Under The Elm Tree – Episode 56

SUSAN looked up. She was balanced precariously on the roof of Bella, giving her a final coat of shiny green paint. A young couple were walking across the yard.

“We’re looking for a Mrs Susan Cooper,” the man called up to her.

Susan carefully laid her paintbrush across the top of the open tin and made her way to the front of the barge.

“I’m Mrs Cooper.” She nodded, stepping down to stand beside the visitors. “How can I help you?”

She gave them her best smile. Perhaps they were customers wanting to make a holiday booking?

“Richard Stonethwaite, Colonel Stonethwaite’s great-grandson,” he said, holding out his hand. “This is Chloe, my wife.”

In the past the name would have given her the jitters, she thought, shaking hands with them each in turn. But since her talk with Ella, it didn’t seem to have the same hold upon her as it used to.

“Pleased to meet you,” she said, nevertheless intrigued as to why they were there.

“Is there anywhere we can talk?”

“Of course. Come inside the house.” She turned towards the barge. “Greg?”

A grey head appeared out of the main cabin door.

“What is it, love?” he began. “Ah, visitors.” He smiled, stepping off the barge and making his way towards them.

“Greg, this is Colonel Stonethwaite’s great-grandson,” Susan said, widening her eyes at him as Greg extended his hand in greeting. “We were going into the house. Would you like to join us, darling?”

As she led them through to the new extension, her mind whirred. What on earth could they want?

She felt herself becoming defensive again. Oh, dear, could it possibly be about the bracelet that had been found?

As they passed the painting of Kitty, Richard stopped.

“That’s not by Thomas Dodd, is it?” he asked, walking nearer and peering at it. “I do apologise, but he was my great-uncle,” he added. “It’s very like his style.”

“Actually, it is,” Susan replied, and they all stood for a moment, staring at the painting of Kitty. “It’s of my mother.”

“Great-uncle Tam died very young,” Richard told her. “He was a pilot in the Battle of Britain.”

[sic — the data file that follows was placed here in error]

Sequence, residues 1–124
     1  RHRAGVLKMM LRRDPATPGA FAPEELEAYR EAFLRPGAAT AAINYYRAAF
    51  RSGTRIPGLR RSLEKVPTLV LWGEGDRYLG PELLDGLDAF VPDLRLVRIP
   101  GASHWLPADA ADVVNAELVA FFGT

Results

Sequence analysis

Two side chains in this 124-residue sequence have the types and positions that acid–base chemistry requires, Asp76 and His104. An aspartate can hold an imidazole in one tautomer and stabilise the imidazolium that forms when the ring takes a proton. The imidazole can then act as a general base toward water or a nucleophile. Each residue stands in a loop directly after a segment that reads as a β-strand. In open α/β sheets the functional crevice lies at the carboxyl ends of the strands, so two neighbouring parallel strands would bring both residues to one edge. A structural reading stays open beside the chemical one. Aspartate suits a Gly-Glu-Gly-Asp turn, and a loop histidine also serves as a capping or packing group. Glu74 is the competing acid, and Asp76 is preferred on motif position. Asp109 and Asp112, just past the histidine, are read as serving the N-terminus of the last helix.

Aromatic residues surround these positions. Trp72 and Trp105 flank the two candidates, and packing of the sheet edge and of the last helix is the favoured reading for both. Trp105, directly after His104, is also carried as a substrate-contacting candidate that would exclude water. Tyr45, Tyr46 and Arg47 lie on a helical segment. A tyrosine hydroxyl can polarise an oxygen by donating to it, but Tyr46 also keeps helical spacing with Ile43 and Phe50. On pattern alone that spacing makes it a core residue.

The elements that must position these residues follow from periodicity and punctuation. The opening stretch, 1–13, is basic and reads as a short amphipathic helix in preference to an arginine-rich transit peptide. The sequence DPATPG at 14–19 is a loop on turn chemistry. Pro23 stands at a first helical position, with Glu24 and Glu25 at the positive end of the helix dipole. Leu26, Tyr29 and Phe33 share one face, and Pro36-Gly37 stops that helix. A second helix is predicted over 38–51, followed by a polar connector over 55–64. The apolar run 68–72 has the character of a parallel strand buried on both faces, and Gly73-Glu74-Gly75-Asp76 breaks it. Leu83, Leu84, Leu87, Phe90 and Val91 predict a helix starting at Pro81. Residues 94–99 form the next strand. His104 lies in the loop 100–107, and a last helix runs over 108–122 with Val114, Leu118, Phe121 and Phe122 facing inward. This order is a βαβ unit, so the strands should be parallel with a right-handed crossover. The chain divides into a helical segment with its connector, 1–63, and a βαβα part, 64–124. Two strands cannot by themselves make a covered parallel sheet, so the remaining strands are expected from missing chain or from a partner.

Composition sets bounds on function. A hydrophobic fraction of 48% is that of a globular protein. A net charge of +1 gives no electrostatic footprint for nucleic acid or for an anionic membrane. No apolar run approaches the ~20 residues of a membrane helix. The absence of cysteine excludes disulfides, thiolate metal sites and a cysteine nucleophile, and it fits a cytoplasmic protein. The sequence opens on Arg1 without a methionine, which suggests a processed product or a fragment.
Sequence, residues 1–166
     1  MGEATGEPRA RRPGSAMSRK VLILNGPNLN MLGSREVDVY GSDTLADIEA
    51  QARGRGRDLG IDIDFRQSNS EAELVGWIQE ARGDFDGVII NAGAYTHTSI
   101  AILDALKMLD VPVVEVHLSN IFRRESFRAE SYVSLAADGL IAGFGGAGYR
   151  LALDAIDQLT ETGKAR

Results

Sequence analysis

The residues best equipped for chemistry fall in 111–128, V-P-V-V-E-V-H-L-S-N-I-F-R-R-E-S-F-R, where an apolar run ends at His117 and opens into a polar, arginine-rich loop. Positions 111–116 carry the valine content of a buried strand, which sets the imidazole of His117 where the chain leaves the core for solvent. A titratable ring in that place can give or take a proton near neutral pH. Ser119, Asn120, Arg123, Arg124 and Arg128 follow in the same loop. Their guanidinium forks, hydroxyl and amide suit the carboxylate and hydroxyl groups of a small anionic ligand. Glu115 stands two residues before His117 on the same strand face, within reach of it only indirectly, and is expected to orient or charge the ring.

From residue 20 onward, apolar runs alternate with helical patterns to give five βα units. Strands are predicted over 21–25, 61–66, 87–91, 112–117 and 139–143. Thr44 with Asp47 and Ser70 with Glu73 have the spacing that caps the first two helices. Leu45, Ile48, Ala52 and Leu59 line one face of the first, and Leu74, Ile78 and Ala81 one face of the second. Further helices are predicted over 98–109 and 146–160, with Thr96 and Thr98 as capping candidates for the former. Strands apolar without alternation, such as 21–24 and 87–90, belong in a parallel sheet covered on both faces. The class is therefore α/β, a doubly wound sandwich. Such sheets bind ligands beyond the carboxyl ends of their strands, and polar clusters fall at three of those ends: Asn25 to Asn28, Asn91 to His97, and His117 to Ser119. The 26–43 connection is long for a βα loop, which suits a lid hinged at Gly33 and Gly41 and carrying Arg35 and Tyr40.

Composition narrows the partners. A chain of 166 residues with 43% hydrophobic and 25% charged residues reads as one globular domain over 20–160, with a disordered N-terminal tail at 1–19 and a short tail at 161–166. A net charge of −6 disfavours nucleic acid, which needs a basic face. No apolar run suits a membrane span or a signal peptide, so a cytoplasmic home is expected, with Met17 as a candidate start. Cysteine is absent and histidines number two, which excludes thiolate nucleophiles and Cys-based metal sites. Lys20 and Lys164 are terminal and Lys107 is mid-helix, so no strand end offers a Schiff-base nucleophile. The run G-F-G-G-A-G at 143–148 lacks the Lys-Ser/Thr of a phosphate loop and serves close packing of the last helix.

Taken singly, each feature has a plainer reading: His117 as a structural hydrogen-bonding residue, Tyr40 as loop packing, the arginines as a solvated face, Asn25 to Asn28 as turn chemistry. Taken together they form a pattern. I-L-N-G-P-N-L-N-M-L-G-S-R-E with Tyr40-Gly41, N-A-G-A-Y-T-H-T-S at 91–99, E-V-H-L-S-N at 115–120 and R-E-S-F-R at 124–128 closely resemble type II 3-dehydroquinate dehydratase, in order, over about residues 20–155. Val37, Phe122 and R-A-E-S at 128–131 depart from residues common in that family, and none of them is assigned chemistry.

“I know,” Susan said. Now it was Richard’s turn to look surprised.

“My daughter Ella has been researching the painting,” she explained. “She found it recently when she was clearing my mother’s cottage.”

“Was that in Wembury?”

“Why, yes. Do you live there?”

“No, no. We live here, quite close actually, at Hickling. We’re practically neighbours.” He smiled.

“Do sit down, all of you,” Greg interrupted. “Don’t stand on ceremony.”

“I suppose you know that Wembury House is being turned into apartments?” Richard asked when they were all seated, and Susan and Greg nodded.

“It’s my brother’s project – he’s the one who inherited the house,” he explained, “but he’s abroad at the moment so the police contacted me.”

“The police?” Susan’s mouth went dry.

Richard nodded.

“One of the workmen found this.” He drew out a gold bracelet made up of stars linked together and set with emeralds.

She gasped. So it was about the bracelet! It matched the description of it perfectly. This was the piece of jewellery that had caused her so much anguish over the years.

“I went down to Farchester last weekend to collect it,” he continued. “I remembered my father talking about a bracelet that had gone missing years ago. He said that two teenagers had broken into the house and stolen it.

“But, of course, when it turned up I knew that couldn’t have been true, so I went to Farchester Library and did a bit of research.” He looked at Susan meaningfully. “This is proof of their innocence.”

Alan Spink

Alan is a member of the “Friend” Fiction Team. He enjoys working closely with writers and being part of the creative process, which sees storytelling ideas come to fruition. A keen reader, he also writes fiction and enjoys watching football and movies in his spare time. His one tip to new writers is “write from your imagination”.